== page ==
Moments after the Big Bang, the universe was expanding at an incredible rate, (I've heard) faster than the speed of light. Due to dark energy, scientists predict the rate of expansion will pick up again. Space itself will be expanding faster than light speed. Someday, we will not be able to see other galaxies because they'll be moving away so fast that the light they produce will never reach us. Nowadays, though, we can see other galaxies, which means the expansion of the universe slowed down.

What caused the expansion of the universe to accelerate more slowly? If dark energy is causing the acceleration to increase, wouldn't the universe continue to expand faster after the big bang?

Is there a minimum rate of acceleration? If so, what is it, and what determines it?

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    $\begingroup$ There seems to be some confusion between acceleration and velocity - be careful, as they are not at all the same and can't be compared. $\endgroup$
    – user10851
    Commented Feb 18, 2013 at 2:51
  • $\begingroup$ Didn't Einstein show nothing moves faster than light? $\endgroup$ Commented Feb 18, 2013 at 4:37
  • $\begingroup$ He said nothing (that moves slower than light) in space can move faster than light, but he didn't say anything about space itself moving faster than light. Scientists have proven that just after the Big Bang, the universe itself was expanding at a rate faster than the speed of light. $\endgroup$
    – chharvey
    Commented Feb 18, 2013 at 7:57
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    $\begingroup$ @TestSubject528491 That's the right idea, but a confusing way of putting it since space isn't a fluid. More precisely two objects can't pass each other faster than light. In a general curved spacetime the very idea of velocity becomes problematic for distant objects, and there is not necessarily any restriction on whatever relative velocity you define for distantly seperated objects. You have to work out the details, and in an inflating universe for instance the obvious definition of relative velocity can validly be greater than $c$ for sufficiently distant objects. $\endgroup$
    – Michael
    Commented Feb 18, 2013 at 8:40
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    $\begingroup$ @MichaelBrown That is in fact also the case for the everyday expansion of the Universe, not just Inflation. $\endgroup$
    – Thriveth
    Commented Jun 7, 2013 at 10:30

1 Answer 1


There is not a minimum rate of acceleration. In fact, before the discovery of dark energy most people thought that the universe would deccelerate. That is still a mathematical possibility - if dark energy is not a cosmological constant and its equation of state changes in the future.

The vast difference in scale between the early inflation and present day expansion is explained by the fact that it is thought that the early inflation and current acceleration have different causes. If there is a common cause then there must be some bizarre dynamics going on to connect things across many orders of magnitude that is not at all likely according to theoretical prejudice.

The expansion of the universe (in the approximation where you can ignore the fact that the universe isn't perfectly uniform) is governed by the Friedmann equation:

$$ \left( \frac{\dot{a}}{a} \right)^2 = \frac{8\pi G}{3} \rho - \frac{k}{a^2} + \frac{\Lambda}{3} $$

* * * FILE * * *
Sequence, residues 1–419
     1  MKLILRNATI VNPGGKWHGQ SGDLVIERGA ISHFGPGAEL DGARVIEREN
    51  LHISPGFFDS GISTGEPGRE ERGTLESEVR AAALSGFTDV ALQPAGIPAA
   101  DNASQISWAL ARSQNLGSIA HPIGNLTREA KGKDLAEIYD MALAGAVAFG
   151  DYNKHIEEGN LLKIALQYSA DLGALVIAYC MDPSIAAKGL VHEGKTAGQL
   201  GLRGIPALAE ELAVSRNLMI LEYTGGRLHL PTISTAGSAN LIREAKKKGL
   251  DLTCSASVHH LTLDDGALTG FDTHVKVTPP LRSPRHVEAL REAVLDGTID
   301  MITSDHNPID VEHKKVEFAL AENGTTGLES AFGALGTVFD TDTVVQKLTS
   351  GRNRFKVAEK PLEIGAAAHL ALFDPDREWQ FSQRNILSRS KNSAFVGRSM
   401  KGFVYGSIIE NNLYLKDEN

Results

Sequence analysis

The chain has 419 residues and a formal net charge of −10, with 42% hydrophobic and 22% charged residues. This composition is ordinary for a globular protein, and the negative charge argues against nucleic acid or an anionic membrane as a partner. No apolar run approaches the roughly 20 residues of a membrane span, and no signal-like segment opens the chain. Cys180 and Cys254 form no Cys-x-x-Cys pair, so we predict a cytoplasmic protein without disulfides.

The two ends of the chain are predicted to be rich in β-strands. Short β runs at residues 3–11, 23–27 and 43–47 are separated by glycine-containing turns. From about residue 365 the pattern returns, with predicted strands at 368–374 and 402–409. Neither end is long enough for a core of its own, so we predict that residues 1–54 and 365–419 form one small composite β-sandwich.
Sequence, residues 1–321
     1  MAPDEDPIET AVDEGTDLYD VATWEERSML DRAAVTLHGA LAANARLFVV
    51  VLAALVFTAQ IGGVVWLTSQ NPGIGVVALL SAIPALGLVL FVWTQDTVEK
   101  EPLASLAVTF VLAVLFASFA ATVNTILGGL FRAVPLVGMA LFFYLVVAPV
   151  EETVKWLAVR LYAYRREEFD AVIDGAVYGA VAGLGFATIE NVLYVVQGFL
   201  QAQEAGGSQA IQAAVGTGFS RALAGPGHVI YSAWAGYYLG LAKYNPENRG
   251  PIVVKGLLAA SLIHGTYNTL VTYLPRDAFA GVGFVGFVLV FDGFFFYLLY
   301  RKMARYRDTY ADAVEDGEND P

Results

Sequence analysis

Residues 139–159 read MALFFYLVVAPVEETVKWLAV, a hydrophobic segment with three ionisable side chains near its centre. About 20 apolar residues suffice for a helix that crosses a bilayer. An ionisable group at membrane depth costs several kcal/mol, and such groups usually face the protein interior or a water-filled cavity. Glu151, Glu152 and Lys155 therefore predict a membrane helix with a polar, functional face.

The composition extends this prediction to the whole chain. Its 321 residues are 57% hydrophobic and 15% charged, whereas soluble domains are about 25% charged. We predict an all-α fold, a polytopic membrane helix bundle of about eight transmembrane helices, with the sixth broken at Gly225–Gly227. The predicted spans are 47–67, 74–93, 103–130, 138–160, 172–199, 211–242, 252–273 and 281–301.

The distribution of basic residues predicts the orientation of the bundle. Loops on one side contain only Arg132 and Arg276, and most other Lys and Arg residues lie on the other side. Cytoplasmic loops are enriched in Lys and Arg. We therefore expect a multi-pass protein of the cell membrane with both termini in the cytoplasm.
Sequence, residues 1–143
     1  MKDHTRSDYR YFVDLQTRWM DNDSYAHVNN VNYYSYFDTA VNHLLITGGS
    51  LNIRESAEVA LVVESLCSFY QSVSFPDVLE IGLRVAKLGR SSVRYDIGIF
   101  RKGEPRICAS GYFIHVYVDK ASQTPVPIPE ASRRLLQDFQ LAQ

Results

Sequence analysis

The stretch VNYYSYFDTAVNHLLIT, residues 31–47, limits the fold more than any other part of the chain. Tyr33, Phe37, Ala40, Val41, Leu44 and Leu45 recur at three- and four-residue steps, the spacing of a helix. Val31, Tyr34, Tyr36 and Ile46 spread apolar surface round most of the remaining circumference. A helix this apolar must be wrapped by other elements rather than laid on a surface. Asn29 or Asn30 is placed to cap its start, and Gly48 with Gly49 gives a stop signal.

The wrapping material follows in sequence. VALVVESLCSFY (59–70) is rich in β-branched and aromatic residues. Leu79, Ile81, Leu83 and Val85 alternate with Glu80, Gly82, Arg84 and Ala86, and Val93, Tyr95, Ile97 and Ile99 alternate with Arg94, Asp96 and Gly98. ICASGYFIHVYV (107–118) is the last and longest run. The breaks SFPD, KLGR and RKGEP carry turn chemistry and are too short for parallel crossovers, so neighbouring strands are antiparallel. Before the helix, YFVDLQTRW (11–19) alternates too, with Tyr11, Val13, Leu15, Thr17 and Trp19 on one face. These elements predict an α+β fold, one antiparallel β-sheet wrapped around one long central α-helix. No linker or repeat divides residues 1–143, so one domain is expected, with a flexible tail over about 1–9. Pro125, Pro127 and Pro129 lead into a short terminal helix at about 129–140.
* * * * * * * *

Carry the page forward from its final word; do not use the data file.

(units where $c=1$) where the scale factor $a$ measures the size of the universe, $\rho$ is the energy density, $k$ measures the curvature of space and $\Lambda$ is the cosmological constant. $G$ is Newton's gravitational constant. For all practical purposes $k$ is zero in our universe.

Now in order to find how the universe expands you need to know how the energy density changes with scale factor. There are some common cases:

  • Matter: $\rho \propto a^{-3}$

  • Radiation: $\rho \propto a^{-4}$

  • Vacuum energy (slow rolling scalar field): $\rho \propto a^0$

If you plug these in and work things out you will find that when matter and radiation dominate the expansion is slowing down, but when vacuum energy or $\Lambda$ dominates the expansion speeds up. (The critical point, i.e. steady non-accelerating expansion, is for $\rho \propto a^{-2}$, which corresponds to a gas of cosmic strings, I think, but need to confirm this.) So you can get the proposed expansion history from the following standard scenario:

  1. The universe starts in a state dominated by a slow rolling scalar field (inflaton) with a large energy density $\rho\sim\text{constant}$. This drives a rapid and accelerating expansion.

  2. At some point the scalar field hits a phase transition and its energy is converted into ordinary matter and radiation. This is called reheating.

  3. While radiation and, subsequently, matter dominate the energy density of the universe the expansion continues but slows down.

  4. Eventually the radiation and matter dilute away to the point that the cosmological constant (or dark energy) dominate the energy density. At this point the expansion starts speeding up again. This happened about a billion years ago in our universe. The pattern is very similar to inflation in step 1, but the scale of the energy density is many orders of magnitude smaller, which is why it took so long for the change over to take place.

  5. If the expansion is really being driven by a cosmological constant then this acceleration will continue forever. If, on the other hand, it is being driven by some more complicated dark energy mechanism then there are many possibilities for the future...


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